Miles and Moana Monarch

It’s been a long summer of focusing on the monarch butterfly. I work for Illinois farmers and often find myself thinking, “I can’t believe I’m spending this much time thinking about one species… A butterfly that is actually a terrible pollinator – and one that doesn’t pollinate any food crops that are important for humans.” Yet there I was, going to meetings, hosting conference calls, looking at models and reading research. Trying to understand the Endangered Species Act and what the implications of a listing might mean for our farmer members.

The process has been bumpy. Lots of people are involved – and not necessarily the right people. The timeline is so quick that everyone is rushing to put things down on paper about how we’re all going to save the monarch. Single pieces of research are being used to create simplistic models about stems of milkweed. I left each meeting this summer worried about where this might go – always trying to think about unintended consequences.

The process is not over – remember we’re on this road for another 20 months or so. I think my greatest concern is – and has been – the process being used by our agencies to get us to June 2019. Illinois farmers (or me, on their behalf) have to be at the table for these discussions. Improving monarch populations will require two things:

– increasing and improving habitat (milkweed and wildflowers), and

– decreasing risk to monarchs (changing mowing and pesticide practices).

Both of those things will involve farmer participation (and farmers’ land) in order to see success. If you read recent research, there are expectations that half of the 1.6 billion stems of milkweed needed will need to come from agricultural land. Crop land. So yeah, I’m at the table participating in these discussions.

And I’ve got to be honest, I was frustrated. The rules are confusing and the Endangered Species Act is flawed. And I’m someone who has spent significant time on this issue. How are regular citizens and our farmer members supposed to understand this issue? So I had a bad taste in my mouth.

That’s when my husband’s family took our daughter to find monarch caterpillars on their newly planted patch of milkweed in the garden. They found three caterpillars and put them in a Tupperware container. We quickly took over their care, and it was a lot of work! The caterpillars doubled in size every night. They poop a lot and they eat a lot. That’s their job during that time. When they actually each spun their chrysalis, I was flabbergasted.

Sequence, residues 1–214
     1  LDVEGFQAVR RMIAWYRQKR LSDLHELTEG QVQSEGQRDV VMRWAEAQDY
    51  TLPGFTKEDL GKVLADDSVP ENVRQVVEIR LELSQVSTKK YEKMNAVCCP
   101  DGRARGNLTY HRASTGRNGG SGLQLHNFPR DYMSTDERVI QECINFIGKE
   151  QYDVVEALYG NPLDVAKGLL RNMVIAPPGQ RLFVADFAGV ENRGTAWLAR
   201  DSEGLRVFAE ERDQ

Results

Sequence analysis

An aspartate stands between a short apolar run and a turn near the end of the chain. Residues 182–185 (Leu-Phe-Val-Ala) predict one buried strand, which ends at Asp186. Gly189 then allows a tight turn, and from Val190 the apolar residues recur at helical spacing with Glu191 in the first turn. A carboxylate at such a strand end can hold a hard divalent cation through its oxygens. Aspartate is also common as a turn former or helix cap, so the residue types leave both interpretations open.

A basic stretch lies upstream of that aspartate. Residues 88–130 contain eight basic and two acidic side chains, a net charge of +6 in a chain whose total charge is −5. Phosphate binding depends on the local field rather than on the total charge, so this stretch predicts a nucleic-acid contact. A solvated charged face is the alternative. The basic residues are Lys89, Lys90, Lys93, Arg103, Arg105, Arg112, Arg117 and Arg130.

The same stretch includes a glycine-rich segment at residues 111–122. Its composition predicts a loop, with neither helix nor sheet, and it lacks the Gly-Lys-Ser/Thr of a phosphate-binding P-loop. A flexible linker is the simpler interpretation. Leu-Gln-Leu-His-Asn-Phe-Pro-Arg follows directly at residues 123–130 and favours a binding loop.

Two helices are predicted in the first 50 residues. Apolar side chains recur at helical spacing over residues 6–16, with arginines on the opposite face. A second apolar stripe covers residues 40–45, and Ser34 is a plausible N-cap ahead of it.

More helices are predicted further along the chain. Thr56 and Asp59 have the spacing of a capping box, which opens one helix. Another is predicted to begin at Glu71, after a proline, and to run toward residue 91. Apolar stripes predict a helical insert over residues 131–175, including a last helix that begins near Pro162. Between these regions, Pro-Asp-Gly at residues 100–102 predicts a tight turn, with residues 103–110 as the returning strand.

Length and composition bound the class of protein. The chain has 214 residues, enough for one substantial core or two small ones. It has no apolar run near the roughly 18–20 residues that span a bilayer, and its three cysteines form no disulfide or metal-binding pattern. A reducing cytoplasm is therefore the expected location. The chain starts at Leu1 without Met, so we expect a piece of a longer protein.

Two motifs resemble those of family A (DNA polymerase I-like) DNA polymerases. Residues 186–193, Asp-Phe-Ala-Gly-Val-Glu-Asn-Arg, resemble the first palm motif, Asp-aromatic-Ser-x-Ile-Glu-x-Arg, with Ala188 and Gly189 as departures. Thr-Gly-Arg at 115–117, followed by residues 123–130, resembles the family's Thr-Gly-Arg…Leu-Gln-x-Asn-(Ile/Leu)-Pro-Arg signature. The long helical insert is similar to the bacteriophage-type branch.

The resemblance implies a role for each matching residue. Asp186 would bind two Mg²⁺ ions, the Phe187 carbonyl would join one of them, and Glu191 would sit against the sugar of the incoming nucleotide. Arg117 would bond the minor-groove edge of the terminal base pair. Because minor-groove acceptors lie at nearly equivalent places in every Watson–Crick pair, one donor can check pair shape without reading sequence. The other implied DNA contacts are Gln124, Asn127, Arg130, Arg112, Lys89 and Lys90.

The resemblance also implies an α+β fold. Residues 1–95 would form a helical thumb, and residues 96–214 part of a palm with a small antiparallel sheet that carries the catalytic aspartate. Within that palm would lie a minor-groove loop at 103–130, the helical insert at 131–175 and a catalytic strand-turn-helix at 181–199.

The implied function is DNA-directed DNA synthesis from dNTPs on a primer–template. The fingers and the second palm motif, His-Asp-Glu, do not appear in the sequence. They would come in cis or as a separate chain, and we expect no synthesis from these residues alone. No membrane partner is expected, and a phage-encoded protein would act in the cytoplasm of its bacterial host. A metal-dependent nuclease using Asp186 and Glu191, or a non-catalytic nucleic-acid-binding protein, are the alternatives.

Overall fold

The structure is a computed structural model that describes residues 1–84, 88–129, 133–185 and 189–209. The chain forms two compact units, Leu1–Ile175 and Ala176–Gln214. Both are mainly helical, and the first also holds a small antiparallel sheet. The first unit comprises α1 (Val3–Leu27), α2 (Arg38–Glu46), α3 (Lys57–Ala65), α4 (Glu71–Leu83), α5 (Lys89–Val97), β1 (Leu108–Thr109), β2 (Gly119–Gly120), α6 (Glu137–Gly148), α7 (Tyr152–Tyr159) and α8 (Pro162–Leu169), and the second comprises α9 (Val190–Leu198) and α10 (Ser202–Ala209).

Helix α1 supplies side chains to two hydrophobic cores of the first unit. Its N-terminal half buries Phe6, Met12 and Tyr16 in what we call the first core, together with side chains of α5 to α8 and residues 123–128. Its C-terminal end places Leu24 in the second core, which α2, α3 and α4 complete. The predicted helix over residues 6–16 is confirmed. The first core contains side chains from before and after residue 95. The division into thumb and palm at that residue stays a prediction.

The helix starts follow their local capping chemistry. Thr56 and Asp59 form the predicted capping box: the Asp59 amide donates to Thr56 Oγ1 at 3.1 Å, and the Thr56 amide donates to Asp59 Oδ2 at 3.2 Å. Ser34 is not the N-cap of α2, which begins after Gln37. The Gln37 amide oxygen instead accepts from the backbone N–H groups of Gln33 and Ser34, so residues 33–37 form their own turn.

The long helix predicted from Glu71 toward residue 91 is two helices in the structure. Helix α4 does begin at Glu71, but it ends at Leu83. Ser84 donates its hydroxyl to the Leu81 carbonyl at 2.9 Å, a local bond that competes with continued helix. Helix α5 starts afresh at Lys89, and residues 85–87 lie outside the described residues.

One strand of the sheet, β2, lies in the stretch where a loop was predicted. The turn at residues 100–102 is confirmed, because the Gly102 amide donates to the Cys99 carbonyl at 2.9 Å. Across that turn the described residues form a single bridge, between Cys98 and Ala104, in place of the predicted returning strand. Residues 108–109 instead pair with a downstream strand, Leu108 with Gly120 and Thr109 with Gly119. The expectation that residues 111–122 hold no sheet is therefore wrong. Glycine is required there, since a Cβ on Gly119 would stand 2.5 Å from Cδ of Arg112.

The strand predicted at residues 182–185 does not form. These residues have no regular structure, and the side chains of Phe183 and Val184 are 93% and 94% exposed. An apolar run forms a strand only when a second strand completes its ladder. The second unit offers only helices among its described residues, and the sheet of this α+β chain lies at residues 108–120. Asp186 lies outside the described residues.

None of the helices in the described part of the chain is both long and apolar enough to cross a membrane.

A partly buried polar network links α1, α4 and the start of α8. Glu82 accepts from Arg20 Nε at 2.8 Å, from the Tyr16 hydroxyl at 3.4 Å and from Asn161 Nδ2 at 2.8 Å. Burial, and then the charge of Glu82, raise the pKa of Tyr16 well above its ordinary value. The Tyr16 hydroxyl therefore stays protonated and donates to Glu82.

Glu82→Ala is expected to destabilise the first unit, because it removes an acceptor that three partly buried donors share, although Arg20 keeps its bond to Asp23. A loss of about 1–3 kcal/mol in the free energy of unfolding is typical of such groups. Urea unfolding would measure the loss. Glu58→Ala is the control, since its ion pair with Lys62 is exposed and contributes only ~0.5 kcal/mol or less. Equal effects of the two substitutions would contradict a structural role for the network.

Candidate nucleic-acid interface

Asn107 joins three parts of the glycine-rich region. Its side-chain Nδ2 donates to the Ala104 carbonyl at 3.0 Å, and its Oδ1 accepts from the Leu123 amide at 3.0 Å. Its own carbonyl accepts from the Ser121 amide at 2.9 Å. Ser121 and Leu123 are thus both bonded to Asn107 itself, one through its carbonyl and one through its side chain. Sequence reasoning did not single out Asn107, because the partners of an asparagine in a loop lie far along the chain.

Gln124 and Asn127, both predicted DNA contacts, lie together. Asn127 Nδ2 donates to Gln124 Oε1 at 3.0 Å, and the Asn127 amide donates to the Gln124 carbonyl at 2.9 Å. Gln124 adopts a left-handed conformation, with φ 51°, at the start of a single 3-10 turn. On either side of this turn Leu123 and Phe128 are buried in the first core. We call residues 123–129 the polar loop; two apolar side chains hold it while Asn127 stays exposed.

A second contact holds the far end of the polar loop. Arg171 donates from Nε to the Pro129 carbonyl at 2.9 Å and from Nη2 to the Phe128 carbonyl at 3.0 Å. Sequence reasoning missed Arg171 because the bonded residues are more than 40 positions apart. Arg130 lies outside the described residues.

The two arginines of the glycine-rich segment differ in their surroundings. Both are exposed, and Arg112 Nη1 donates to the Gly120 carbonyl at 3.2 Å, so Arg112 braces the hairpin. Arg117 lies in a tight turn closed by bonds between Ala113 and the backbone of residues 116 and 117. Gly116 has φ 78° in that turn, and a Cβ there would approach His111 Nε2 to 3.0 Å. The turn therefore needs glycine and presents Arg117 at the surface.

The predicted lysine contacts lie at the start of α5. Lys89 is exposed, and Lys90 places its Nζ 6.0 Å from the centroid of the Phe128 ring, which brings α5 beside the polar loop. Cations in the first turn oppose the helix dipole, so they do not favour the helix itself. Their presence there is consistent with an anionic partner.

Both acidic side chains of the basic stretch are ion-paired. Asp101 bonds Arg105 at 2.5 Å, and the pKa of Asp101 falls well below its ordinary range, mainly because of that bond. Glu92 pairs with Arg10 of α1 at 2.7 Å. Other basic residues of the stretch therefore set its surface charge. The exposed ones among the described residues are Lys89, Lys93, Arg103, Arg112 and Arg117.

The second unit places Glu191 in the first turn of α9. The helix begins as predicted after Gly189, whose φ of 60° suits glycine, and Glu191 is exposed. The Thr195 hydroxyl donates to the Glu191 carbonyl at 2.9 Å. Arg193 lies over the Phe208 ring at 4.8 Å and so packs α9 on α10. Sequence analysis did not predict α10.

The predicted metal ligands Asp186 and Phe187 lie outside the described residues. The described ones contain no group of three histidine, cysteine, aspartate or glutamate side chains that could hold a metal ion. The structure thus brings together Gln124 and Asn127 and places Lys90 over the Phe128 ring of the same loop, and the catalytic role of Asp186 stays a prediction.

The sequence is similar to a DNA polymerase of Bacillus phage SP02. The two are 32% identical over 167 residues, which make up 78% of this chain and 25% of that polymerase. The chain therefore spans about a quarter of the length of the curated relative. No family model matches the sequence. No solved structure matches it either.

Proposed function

You see, I work for farmers, but most things I try to grow myself – outside of my children, thank goodness – don’t make it very far.

And yet there were three beautiful green chrysalis with the prettiest gold flecks. My daughter and I checked on them often, although I’m not sure a 2-year-old can really see what a feat it is to do what they do.

This morning the green chrysalis had turned dark and you could see orange beneath the paper thin shell. By this afternoon two new monarchs were flapping their wings and crawling around in a tiny container.

(Our third caterpillar has been a few days behind the other two at reaching each milestone).

My daughter was amazed. I was amazed. It is mind-blowing actually, to think about what those tiny caterpillars do by just eating milkweed for a few days.

I’m so glad we did this. Just look at the face on this brave girl!

So we named our new friends – Miles and Moana Monarch – and turned them loose in an area with plenty of nectar resources.

I’m sitting here writing this actually worrying about them on the monumental trek they’re about the make to the forests of Mexico.


So I get it. I do. Monarchs are special. And if we have an opportunity to save them, we should. But that simple statement isn’t really reflected by the Endangered Species Act and all of the hoopla around conservation databases and models and allocations of milkweed. How did we get so far down a road of paperwork and litigation over something that I think most people can agree on?

Hopefully there are opportunities in the near future to reform the Endangered Species Act and get us back to something that strikes a balance between protecting important species and protecting livelihoods.

More to come – thanks for reading. Goodnight!


What’s going on with the monarch butterfly?

Pollinators_Butterfly02Y’all. I have been planning this blog post for weeks now. And maybe its because I’m new to blogging, but this issue is changing so fast that every time I sat down to write this post, I wanted to make sure I had all the information I could so I could pass it along to my followers. But I’m learning more every day, and so at some point you just have to pull the trigger and write the post.

I’ve been attending meetings about the monarch butterfly for 9 months now, and sometimes it baffles my mind that I’m spending so much of my time focusing on one species of butterfly. Yes, we have been hearing a lot about pollinators in recent years, mostly native and managed honeybees, and we are all aware that population changes are occurring and people are starting to try to better understand why (hint: its complicated).

The monarch butterfly is a different issue in that it involves the US Fish & Wildlife Service (USFWS) and the Endangered Species Act (Act). The USFWS is considering listing the monarch butterfly as a threatened or endangered species under the Act. The agency was petitioned and failed to meet their statutory obligations under the Act so was sued and settled with the plaintiffs. They must now make their decision about listing the monarch by June 2019. That process is actually the easy part to understand, in my opinion.